• Unambiguous timeframes
  • Transparent analysis of possible problems
Franchise Business Plan – Things to Keep in Mind
  • Prefer precision over verbosity.
  • Focus on numbers that paint a clear picture of your business.
  • Use conservative projections.
  • Do not rely on exaggerated, convoluted or confusing statistics, data or information to convey your point.
  • Do not conceal negative points of financials.

Most franchisors provide a ready-to-use business plan template that franchisees can use. However, if this template isn’t what fits your requirements, it’s more advisable to build your own business plan from the scratch. Regardless of your choice, you can always benefit from the experience and expertise of the franchisor.
A typical franchise business plan will have the components as tabulated below:

Executive Summary Executive summary introduces the reader to your business with a brief description of the products/services, state of the market you wish to operate in and important financials.
Contact Details The contact details of the proposer (the franchisee) for the reader’s reference
Mission Statement The mission statement briefs the reader about the values and ethics of your business, along with goals that it aims to achieve.
Franchise Summary In this section, the overview of the franchise business is presented to the reader. This involves a brief summary of the franchisor business and their brand, the reason for adopting the franchising model and the business strategy that the franchise aims to follow.
Industry Overview Industry overview allows you to present important facts and statistics that justify the choice of industry your franchise will operate in.
Market Analysis As discussed earlier, the market analysis involves an extensive study of the competition, demand and anticipated trends.
Operations What day-to-day operations your franchise will undertake and how they will be performed are two points discussed in this section. It’s also important to list all the assets you will need to purchase or lease to support the operations. For example, expensive machinery, computers, printers, vehicles etc.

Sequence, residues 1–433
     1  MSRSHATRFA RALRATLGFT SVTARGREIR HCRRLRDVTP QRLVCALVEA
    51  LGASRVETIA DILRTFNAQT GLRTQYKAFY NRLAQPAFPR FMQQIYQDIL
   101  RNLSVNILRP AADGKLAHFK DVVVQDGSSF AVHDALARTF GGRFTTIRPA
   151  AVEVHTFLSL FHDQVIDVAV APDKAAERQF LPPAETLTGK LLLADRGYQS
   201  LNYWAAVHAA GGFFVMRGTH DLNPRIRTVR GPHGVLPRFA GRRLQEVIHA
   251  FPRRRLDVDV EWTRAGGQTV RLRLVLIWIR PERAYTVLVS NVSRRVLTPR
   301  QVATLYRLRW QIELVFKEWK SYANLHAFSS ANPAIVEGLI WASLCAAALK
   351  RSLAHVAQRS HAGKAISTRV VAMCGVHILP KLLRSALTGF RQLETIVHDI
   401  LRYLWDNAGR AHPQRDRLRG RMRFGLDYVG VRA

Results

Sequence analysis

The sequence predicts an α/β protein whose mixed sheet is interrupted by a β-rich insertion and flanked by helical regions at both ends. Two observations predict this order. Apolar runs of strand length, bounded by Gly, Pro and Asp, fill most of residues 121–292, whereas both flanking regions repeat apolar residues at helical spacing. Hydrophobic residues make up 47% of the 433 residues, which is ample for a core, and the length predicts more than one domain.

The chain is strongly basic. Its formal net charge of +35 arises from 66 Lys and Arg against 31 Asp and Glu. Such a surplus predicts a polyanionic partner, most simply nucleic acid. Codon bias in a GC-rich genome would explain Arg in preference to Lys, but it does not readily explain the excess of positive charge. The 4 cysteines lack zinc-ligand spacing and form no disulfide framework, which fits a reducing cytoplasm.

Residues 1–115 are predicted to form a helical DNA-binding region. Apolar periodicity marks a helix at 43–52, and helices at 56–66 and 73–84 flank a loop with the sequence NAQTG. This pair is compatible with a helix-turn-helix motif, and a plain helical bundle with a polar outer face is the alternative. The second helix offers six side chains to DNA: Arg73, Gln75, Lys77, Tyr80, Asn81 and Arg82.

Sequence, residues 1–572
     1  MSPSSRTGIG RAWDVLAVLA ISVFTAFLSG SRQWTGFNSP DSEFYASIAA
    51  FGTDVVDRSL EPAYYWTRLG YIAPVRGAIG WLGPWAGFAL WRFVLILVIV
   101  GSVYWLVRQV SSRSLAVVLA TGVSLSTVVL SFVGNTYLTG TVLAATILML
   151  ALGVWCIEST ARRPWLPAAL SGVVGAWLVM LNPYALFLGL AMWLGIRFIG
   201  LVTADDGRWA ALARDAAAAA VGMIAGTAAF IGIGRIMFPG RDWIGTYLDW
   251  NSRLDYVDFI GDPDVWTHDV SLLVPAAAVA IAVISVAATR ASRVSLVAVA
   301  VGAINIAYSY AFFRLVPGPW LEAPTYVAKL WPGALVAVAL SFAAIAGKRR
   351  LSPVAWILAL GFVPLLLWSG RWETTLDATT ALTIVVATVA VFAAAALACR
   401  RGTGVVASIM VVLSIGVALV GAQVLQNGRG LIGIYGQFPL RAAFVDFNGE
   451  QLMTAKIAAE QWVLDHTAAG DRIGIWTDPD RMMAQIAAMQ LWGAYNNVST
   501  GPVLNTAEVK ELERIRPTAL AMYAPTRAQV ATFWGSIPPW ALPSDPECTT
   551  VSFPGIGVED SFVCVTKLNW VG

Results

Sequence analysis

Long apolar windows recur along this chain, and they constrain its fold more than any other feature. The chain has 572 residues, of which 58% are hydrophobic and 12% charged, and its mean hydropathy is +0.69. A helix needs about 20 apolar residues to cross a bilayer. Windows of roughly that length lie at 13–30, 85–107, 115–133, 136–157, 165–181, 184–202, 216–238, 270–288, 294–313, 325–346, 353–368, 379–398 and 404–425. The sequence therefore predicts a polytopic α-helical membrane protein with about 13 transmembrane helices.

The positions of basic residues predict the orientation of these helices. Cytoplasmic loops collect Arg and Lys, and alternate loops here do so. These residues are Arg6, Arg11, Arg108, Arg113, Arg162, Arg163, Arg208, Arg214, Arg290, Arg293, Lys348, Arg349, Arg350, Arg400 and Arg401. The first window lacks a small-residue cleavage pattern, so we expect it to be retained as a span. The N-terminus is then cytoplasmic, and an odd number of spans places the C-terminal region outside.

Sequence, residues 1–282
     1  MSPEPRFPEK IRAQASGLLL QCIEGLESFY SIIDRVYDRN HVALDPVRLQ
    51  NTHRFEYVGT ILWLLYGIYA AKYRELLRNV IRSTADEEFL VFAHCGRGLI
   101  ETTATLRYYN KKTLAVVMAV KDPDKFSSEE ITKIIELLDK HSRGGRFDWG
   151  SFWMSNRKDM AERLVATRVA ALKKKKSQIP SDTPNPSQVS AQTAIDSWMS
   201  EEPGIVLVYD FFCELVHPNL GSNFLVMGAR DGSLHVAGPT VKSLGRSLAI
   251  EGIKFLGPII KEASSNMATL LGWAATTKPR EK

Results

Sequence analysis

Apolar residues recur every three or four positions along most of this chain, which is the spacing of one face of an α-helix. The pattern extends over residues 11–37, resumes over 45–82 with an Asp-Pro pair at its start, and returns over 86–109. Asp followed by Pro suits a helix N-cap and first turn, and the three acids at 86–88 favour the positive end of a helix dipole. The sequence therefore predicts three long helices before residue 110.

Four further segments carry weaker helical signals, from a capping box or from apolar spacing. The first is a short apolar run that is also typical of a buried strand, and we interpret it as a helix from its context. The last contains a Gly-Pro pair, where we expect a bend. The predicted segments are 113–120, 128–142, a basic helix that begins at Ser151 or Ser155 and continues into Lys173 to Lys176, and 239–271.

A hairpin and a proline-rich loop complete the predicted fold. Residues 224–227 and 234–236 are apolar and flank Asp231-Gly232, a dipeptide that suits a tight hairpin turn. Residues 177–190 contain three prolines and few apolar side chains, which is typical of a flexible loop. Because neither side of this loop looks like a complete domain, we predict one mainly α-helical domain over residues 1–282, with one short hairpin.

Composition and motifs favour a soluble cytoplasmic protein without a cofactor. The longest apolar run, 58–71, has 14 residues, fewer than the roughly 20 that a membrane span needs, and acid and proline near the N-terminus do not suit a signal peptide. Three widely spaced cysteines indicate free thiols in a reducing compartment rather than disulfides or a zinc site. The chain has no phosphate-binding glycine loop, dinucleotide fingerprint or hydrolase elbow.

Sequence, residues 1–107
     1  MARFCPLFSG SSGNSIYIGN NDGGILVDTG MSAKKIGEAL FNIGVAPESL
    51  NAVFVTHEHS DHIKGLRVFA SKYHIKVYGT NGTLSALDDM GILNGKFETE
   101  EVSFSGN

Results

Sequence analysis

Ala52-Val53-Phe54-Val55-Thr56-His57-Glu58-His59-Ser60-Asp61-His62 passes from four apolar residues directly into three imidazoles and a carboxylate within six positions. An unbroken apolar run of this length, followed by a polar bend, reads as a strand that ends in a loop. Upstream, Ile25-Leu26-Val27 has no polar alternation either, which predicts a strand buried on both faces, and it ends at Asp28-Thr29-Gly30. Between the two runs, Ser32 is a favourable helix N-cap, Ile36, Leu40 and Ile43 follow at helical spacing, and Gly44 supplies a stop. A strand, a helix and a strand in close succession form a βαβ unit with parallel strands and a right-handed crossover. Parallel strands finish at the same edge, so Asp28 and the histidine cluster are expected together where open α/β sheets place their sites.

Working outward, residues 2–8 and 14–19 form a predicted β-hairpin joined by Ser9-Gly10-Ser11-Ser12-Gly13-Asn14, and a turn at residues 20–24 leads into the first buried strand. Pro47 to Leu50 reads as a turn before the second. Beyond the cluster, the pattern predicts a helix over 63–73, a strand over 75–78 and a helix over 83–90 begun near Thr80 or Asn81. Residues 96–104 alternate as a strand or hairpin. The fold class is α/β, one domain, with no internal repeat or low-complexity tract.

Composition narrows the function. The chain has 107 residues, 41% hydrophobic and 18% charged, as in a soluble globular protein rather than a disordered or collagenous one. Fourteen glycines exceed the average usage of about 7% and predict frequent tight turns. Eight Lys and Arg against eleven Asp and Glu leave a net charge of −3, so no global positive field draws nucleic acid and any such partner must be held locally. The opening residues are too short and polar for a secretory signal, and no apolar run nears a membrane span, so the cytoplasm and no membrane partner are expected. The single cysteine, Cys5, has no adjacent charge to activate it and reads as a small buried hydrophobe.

Business Management This part will discuss your franchise’s relationship with the franchisor, the personnel management, on-site administration and other relevant factors.
Marketing Budget and Plan You will present the detailed marketing plan for the next 1-3 years and the budget required for the same. This includes a detailed strategy towards product promotions, events, competitions, discounts, advertising and other means.
Funding Objectives You will convey to the reader how much money your franchise will need upfront in order to commence operations. This number is arrived at after conducting an independent cost analysis, preferably certified by a professional accountant.
Personal Financials A summary of your personal financials will include your assets, liabilities, average income, personal expenses and other important details. In some cases, lenders will follow this up with a credit check.

You may also express your readiness to collateralise suitable assets to add security to the loan you seek.

Business Financials Personal financials will be followed by franchise financials, including the projections for profits and losses for a period of 3 to 5 years. Cashflow analysis will accompany these projections.
References To bolster your case for franchise finance, you may attach a certified summary of loans granted by other lenders to similar franchise businesses. You may also present the financials for the past 3 to 5 years for franchisees who worth with the franchisor you plan on working with.
Risk Analysis You can, if you deem it necessary, include possible risks to your business venture and how you expect to deal with them.
Exit Strategy Lenders will want to know how they can get their principal loan amount back. So, a presentation of one or more viable exit strategies is necessary to conclude the business plan.

4. Approaching Suitable Lenders

As your business plan becomes ready, you can start approaching suitable lenders. Many banks and high-street lenders offer franchise finance solutions, but it’s important to remember that these off-the-shelf solutions may not always represent what’s best for you. To know more about customised franchise loans from top UK lenders, get in touch with one of our franchise finance experts.

Your franchise loan application should be accompanied by the business plan and other relevant documents. It’s important to not send your application out to lenders in bulk – just like any other loan application.

Before sending the application, you may also want to seek legal counsel to know whether you need to limit your liability in the business.

5. Enhancing Your Credit Limit

Once your franchise finance application is approved, you can expedite the setting up process. It’s essential, at this stage, to maintain regular communication with the lender, keep them updated with major developments and let them know that your business is on the right track. Good faith, in conjunction with regular repayments, can go a long way in helping your business access higher credit limits, faster loan approvals and more profitable opportunities.